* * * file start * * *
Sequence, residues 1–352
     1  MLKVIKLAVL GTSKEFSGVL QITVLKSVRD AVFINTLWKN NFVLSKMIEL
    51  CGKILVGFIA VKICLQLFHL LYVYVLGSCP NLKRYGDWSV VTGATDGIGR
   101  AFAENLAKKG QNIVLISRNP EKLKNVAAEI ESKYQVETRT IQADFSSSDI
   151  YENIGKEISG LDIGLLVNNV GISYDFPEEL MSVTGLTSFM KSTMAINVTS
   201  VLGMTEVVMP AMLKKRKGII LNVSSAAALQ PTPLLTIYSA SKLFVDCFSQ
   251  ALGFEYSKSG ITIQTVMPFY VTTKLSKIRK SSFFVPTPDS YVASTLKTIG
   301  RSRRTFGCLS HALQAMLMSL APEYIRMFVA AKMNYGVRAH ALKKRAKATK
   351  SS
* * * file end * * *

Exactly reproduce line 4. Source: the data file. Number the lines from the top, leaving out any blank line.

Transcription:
   101  AFAENLAKKG QNIVLISRNP EKLKNVAAEI ESKYQVETRT IQADFSSSDI